From the Back Cover
Rani is a journalist in a small local newspaper in Bareilly, India. Besides her schoolteacher father, who is also the neighborhood poet and drunk, her family includes two sisters and a mother, Shakuntala, who has a past history of her own. The mother had run away from a small village, Rampur, in India, rebelling against a powerful father, who was forcing her to marry an ambitious and morally dubious suitor, Vir Singh. She leaves behind her only other sister, Savitri, who ends up marrying the jilted man. Besides being unethical, this son-in-law also had a wealthy first wife, who died in questionable circumstances, leaving behind a traumatized young son called Durlabh.
In the years that Shakuntala is away from Rampur, Vir Singh inherits both the wealth and the political legacy her father leaves behind after his death. Vir also rises in power and becomes a Member of Parliament from the dominant national party. His eldest son, Durlabh, from his first wife, is now engaged to the daughter of the Chief Minister of the state of Uttar Pradesh. This will end up solidifying Vir Singh's position both in the party and the State.
Twenty-five years after being disowned by her family, Shakuntala receives a letter from her sister, Savitri. Rani has been invited by her aunt to come to Rampur to help in the preparations for the forthcoming marriage. "I am unwell," says Savitri, "and cannot do this by myself." As enticement, she also adds that this will soften Vir Singh and improve relations between the two families for the future.
Shakuntala takes this invitation as an opportunity for her daughter to get details and photographs of the estate, so they can lay claim to her share. The Supreme Court of India, she says, now allows daughters an equal share in inherited family property.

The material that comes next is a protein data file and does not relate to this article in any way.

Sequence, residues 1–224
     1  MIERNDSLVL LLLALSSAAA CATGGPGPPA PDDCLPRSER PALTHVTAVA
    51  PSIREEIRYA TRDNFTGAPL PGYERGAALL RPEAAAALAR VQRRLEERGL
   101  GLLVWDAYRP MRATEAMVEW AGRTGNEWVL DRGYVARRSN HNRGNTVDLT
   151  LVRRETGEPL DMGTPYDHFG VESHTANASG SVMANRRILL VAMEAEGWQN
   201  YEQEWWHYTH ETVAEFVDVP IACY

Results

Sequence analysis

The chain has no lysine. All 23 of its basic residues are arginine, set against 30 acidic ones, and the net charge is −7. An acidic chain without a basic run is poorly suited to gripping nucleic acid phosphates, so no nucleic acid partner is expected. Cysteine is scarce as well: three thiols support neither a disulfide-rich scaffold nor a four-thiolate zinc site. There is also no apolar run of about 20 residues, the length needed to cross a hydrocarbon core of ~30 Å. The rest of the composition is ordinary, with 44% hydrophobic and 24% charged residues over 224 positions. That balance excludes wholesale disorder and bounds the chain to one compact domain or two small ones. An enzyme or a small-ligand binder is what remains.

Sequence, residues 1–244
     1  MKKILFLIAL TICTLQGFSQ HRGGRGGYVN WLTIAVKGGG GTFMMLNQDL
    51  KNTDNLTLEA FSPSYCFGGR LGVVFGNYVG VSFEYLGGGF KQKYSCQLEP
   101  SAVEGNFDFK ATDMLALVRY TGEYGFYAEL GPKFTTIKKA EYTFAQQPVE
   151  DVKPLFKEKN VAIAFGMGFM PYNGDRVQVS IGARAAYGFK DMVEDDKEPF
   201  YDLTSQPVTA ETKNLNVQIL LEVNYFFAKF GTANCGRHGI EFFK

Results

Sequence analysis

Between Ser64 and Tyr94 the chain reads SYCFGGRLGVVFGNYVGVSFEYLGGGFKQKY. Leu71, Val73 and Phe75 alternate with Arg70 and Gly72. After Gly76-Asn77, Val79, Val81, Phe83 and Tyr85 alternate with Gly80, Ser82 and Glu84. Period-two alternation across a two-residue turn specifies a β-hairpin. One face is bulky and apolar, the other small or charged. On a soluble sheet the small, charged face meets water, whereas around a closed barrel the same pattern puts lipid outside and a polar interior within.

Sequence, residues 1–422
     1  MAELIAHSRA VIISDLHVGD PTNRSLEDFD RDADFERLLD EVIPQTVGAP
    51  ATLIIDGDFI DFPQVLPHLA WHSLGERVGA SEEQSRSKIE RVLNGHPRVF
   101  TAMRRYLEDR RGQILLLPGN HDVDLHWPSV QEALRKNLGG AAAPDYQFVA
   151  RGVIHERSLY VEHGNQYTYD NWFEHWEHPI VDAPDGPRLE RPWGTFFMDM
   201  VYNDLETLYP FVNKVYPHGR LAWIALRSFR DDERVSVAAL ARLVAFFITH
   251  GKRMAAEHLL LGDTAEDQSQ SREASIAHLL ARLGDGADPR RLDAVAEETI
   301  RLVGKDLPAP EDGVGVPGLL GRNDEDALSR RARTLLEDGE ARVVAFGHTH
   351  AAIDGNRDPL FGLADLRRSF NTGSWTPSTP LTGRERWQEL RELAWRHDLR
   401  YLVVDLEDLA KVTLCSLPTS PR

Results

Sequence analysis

With curiosity and a sense of purpose, Rani sets forth on the journey to Rampur, where she hopes, if nothing else, she will at least get a good story for her newspaper. She meets her three unfriendly cousins and the long suffering Durlabh, who seems incapable of standing up to anybody. The Aunt seems to have her own reasons for inviting Rani, which might just call for seducing Durlabh away from his powerfully connected fiancée in order to clear the way for her own wastrel son, Vijay. Meanwhile, the daughter of the house, Anjali, is playing a dangerous game in consorting with a lower caste boy from the village, who is the son of a political rival of Vir Singh. The youngest son, Roop, is also playing with fire when he begins to pursue the angry bastard of Vir Singh, who is born of the village courtesan clever enough to have contrived a good education for her son.
In this dangerous household where she witnesses Vir Singh commit murder, Rani navigates her way to keep herself, and others she hold dear, safe. Will Rani achieve her goal of securing her mother's share of the ancestral property and bring the two families together? Will she stop her Uncle from wantonly destroying the lives of others, and get a scoop for her newspaper?
Read the book to find out what happens!